High pass rate for Punjabi paper despite obstacles


DESPITE some school principals not allowing students to sit for the Punjabi language paper in the Sijil Pelajaran Malaysia (SPM) examinations last year, there was a 95.5% pass rate.

Khalsa Diwan Malaysia president Santokh Singh Randhawa said of the 45 students who sat for the paper, 43 passed.

This result meant that the paper has the highest pass rate compared to other language papers.

Khalsa Diwan is a Sikh non-governmental organisation entrusted to develop and promote the teaching and learning of the Punjabi language in Malaysia.

It runs Punjabi classes in more than 40 centres nationwide.

Santokh said the results showed remarkable performance in terms of quality, as 28 students or 62.2% obtained an A+, A or A-, with the average subject grade (GPMP) of 2.82 for the paper. (A lower index value indicates better candidate achievement).

He said the trend has been going on for some time. In 2019, a 100% pass rate was recorded.

“Despite the imposition of online teaching, and the refusal of some school heads to allow students to sit for the paper, those who sat for the exams definitely did well.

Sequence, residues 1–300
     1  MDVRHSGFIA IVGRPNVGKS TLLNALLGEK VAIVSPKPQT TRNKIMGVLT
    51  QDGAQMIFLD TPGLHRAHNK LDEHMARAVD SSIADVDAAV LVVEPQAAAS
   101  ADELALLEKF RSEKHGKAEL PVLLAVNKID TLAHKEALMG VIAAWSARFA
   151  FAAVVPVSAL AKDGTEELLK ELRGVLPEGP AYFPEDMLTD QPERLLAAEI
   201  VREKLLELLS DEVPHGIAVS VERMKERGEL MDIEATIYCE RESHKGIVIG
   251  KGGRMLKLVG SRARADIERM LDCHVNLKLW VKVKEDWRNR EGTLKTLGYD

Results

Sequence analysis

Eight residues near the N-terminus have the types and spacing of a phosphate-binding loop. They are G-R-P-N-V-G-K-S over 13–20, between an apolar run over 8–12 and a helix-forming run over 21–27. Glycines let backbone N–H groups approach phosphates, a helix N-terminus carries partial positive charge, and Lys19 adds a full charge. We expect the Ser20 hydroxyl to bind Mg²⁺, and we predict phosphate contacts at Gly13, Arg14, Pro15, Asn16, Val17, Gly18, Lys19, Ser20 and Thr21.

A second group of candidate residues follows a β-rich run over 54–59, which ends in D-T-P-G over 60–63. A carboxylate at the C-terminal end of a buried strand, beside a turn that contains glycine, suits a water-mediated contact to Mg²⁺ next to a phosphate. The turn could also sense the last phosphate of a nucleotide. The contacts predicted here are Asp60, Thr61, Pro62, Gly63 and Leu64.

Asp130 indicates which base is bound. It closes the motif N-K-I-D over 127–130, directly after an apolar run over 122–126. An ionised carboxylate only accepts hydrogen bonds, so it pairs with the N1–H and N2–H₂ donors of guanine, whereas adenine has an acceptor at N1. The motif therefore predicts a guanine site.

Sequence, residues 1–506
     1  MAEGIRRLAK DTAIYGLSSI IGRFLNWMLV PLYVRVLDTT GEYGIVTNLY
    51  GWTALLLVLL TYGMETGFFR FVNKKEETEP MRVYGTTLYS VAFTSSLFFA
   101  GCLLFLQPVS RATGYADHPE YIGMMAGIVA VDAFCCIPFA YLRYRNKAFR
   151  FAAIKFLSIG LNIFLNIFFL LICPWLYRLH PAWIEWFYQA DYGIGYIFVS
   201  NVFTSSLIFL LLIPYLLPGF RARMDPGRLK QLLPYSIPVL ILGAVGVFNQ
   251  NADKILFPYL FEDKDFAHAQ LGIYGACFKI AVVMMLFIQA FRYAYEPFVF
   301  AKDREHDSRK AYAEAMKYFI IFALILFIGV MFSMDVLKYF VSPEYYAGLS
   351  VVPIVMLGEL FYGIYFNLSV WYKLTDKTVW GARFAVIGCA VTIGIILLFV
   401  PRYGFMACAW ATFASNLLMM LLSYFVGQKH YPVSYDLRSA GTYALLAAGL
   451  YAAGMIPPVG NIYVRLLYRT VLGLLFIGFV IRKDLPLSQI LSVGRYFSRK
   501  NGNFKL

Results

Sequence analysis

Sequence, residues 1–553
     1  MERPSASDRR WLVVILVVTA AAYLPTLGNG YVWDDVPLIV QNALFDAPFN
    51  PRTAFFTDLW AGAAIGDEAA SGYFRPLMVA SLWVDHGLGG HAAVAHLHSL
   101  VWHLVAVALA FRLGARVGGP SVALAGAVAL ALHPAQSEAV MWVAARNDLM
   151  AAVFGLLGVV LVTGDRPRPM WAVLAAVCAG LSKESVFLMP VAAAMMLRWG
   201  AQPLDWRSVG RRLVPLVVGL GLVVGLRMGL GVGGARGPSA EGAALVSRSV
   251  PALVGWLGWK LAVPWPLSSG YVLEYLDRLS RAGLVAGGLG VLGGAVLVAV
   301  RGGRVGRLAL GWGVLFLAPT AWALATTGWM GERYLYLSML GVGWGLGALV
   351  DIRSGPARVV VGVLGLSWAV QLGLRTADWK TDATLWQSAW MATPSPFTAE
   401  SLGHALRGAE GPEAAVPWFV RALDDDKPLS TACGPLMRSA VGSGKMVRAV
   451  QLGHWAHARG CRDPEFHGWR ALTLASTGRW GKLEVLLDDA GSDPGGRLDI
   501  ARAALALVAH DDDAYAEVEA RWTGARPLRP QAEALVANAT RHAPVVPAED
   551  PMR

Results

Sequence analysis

“The excellent results obtained, despite the trying times of Covid-19 lockdowns, is much appreciated, and credit goes to all Diwan’s volunteers, teachers, students and parents for their concerted efforts to retain and maintain high standards,” he said.

On May 14, Santokh had written about obstacles faced by students taking minority languages in the opinion column of The Star.

He urged the Education Ministry to look into the matter urgently, and deal with school administrators who continued to deprive students of their basic rights, that was enshrined in the National Philosophy of Education and the Federal Constitution.

Santokh said the Punjabi language paper was offered as part of the Malaysian public examinations since pre-independence days.

He had said that although it was not on the list of vernacular languages in the national curriculum, it was still offered in the PT3 and SPM examinations.

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